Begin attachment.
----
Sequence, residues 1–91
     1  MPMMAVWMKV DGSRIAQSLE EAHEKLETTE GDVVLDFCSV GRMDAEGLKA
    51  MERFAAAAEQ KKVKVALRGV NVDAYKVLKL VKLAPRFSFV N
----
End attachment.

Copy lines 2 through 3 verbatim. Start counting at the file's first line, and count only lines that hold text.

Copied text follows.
     1  MPMMAVWMKV DGSRIAQSLE EAHEKLETTE GDVVLDFCSV GRMDAEGLKA
    51  MERFAAAAEQ KKVKVALRGV NVDAYKVLKL VKLAPRFSFV N